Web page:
Surviving the Holidays During Divorce
By: Hoang-Anh Zapien
It’s that time of the year again. Lights are being put up on rooftops, stores crowd with shoppers buying presents, and holiday planning for family gatherings begin. The holiday season is usually an occasion of festive and happy times. However, for those who are coping with divorce, the effects of separation and loss are magnified as the holiday season approaches.
Although there are no magical tools to help alleviate the stress and pain that one may experience during the holiday season, it is important to keep some things in mind that may help make the holidays bearable, and even enjoyable.
- MAKE NEW RITUALS AND FAMILY TRADITIONS – While you may want to hold on to some of the past traditions, it’s a good idea to create some new rituals with friends and family. Reassure your children that holiday celebrations will continue, but in a different way.
- LISTEN TO YOUR CHILD – Children of divorce often find the holiday season to be a very difficult and stressful time. They are the ones that are being shuffled around between two different families and feeling the stress of their parents. So talk to your children and make the holiday season about what is best for them. Find out how they feel the holiday season should be spent.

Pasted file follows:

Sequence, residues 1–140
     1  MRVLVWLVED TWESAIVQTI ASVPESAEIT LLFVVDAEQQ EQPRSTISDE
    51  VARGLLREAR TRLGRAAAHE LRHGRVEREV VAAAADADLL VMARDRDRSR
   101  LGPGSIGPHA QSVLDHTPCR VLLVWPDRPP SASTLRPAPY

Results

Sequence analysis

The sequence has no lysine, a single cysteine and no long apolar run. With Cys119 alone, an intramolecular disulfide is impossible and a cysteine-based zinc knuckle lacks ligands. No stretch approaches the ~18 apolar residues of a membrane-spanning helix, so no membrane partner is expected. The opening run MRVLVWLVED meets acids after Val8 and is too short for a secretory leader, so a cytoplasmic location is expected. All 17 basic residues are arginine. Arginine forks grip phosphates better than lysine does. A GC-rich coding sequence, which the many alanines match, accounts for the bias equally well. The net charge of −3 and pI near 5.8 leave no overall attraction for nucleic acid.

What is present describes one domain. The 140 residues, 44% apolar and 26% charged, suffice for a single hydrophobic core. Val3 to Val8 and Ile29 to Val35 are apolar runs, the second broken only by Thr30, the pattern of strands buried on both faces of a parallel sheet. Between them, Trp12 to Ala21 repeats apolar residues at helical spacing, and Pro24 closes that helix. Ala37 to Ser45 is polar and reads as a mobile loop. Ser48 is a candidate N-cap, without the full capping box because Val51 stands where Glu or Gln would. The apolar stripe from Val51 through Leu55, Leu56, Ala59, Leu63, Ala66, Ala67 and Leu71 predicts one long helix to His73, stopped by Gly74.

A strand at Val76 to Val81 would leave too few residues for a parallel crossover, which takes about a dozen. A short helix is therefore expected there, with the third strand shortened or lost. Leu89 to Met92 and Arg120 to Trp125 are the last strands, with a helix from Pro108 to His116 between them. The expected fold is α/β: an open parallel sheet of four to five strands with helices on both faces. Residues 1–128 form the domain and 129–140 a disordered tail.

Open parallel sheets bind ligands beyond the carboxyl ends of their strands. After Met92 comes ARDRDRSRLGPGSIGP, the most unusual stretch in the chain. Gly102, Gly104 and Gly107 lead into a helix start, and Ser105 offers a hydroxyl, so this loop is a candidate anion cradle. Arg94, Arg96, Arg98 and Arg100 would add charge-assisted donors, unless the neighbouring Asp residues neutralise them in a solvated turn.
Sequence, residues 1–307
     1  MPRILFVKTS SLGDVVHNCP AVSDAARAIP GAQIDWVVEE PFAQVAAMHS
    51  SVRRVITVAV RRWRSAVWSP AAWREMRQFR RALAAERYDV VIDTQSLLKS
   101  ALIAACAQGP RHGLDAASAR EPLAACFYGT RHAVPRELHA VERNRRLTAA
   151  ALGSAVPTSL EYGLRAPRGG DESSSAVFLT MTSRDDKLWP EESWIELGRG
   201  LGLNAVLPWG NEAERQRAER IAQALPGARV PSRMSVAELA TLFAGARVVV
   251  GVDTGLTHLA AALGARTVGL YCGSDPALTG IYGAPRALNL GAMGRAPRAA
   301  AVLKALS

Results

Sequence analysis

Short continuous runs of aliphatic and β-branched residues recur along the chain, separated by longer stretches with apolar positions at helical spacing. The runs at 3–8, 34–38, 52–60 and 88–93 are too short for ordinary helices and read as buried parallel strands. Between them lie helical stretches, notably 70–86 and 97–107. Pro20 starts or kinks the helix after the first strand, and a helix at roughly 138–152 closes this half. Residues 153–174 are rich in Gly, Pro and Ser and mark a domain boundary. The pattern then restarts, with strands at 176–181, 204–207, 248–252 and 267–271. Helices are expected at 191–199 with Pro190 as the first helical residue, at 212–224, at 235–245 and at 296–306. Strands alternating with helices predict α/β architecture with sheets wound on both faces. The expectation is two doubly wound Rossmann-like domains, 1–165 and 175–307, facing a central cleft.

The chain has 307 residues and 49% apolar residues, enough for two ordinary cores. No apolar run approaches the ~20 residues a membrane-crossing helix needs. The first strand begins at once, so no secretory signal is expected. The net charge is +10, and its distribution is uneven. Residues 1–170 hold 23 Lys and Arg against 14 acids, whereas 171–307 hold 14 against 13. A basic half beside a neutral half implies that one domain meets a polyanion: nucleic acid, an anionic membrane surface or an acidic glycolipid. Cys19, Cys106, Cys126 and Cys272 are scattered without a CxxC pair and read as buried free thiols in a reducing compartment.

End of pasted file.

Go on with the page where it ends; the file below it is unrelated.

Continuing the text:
- MAKE A SCHEDULE – Decide how the holidays will be divided. Most children of divorce secretly feel the divorce is their fault, so do not give them more reason to feel this way by making your children feel guilty for being with the other parent. Reassure your kids that you will be okay while they are with the other parent, and encourage them to enjoy their time there.
- BE REALISTIC – “Picture perfect” holidays are usually just an illusion. Have realistic expectations about the holiday season, especially the first year after a divorce.
- THINGS GET EASIER – Getting through the holidays is always a difficult task for those going through a divorce, and even after the divorce is over. Remember to take it ONE DAY AT A TIME. It does get easier, it does get better, and eventually it does hurt less.
Hoang-Anh Zapien is an Associate with Kring & Chung, LLP‘s Inland Empire, CA office. She can be contacted at (909) 941-3050 or [email protected]